Naperville’s Century Walk — It’s Art…With a Story
Genevieve looks up at us from her bench outside of Barnes and Noble on Washington Street. The Cat and the Hat practically takes our hand and strolls with us into Nichols Library. Officer Friendly, known to us today as Mayor Pradel, reminds the children of Naperville to be careful on one way streets ensuring the safety of our town’s youngest citizens. We are reminded of uncommon valor when we gaze upon five of Naperville’s most highly decorated servicemen from World War II immortalized in the bronze sculpture Veterans’ Valor in the plaza next to the YMCA.
Each of these works is just one of the 40+ pieces of public art that make up Naperville’s Century Walk.
In 1996, Century Walk began as a public art initiative featuring murals, mosaics, reliefs, mobiles, and sculptures throughout downtown Naperville. Each of the first 30 pieces in some way represents the history of Naperville during the twentieth century through people, places and events. It is a fascinating way to portray the history of Naperville through public art. Several of the last pieces were not limited to historical themes as they expand the body of artwork throughout Naperville.
What makes the Century Walk stand out among public art projects is that the art work embraces the community which it represents, and the community which it represents becomes involved in the pieces of art themselves. As you look upon the faces in the crowd of The Great Concerto at the Community Concert Center in Central Park, do you recognize anyone? Look closely. This was Century Walk’s 23rd piece of public art, and the faces of over 56 residents of our community are depicted on this epic work. The inclusion of the faces was part of a fund-raiser by Century Walk to help fund the project. The muralist, Bart Gunderson, spent 1,600 hours creating The Great Concerto. Because of the timelessness of this historic piece, we can delight in finding the faces of our friends, family and neighbors, not only in the crowd during summer concerts, but also in the artwork itself.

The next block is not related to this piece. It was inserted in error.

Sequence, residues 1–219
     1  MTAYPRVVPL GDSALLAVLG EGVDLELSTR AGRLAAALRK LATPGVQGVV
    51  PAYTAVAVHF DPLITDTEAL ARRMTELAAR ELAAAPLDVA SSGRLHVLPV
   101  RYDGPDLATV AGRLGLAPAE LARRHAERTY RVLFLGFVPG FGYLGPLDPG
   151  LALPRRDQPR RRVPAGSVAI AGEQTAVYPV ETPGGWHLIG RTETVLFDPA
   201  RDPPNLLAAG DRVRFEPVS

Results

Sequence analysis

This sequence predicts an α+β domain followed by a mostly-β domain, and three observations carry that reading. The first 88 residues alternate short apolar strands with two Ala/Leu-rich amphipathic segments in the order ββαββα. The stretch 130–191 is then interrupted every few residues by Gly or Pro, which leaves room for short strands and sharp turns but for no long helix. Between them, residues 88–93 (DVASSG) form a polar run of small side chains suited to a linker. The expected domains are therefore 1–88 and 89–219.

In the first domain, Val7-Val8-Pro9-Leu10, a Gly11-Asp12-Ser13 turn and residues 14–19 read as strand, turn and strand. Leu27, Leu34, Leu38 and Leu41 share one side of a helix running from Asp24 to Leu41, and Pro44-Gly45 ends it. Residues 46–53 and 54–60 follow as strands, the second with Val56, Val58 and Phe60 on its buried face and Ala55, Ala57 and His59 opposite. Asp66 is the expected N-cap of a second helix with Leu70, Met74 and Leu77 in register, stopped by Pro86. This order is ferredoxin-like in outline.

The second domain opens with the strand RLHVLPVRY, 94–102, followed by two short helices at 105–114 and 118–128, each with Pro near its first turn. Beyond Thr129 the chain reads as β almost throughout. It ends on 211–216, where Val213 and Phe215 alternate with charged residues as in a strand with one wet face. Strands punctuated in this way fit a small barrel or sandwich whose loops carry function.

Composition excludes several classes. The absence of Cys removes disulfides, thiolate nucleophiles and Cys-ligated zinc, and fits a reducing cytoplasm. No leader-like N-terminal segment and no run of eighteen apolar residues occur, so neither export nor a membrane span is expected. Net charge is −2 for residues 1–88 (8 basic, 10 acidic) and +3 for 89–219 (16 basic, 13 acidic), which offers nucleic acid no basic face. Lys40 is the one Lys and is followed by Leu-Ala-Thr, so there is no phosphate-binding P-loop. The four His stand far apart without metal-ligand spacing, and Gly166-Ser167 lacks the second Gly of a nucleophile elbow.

Does art have to be displayed in a gallery or painted on a canvas? Brand Bobosky did not believe so. “Think of it like an art institute, but there are no rooms and you can touch it,” the president of the non-profit Century Walk said with a smile. The art of Century Walk is meant for everyone. You can see adults sitting on the River Reveries, the turn-of-the-century-style mosaic lounges, relaxing; children play with the interactive sculpture, Parting the Prairie, with its trains and levers outside the DuPage Children’s Museum. Fond memories come flooding back to old-time Naperville residents of Soukups, Dime Stores, and transistor radios when they see the mural of The Way We Were in an alley off Washington Street.
Century Walk has many significant pieces of art reflecting on over 100 years of Naperville’s history. The organization has dedicated these 40+ pieces of public art so that we will not forget these people, these places, and these events that have made us what and who we are. We have made public art visual, tangible, and placed it where everyone can experience it.
You may learn more about the many public artworks of Century Walk by spending time on this website, or by heading outside to visit the art yourself. Enjoy!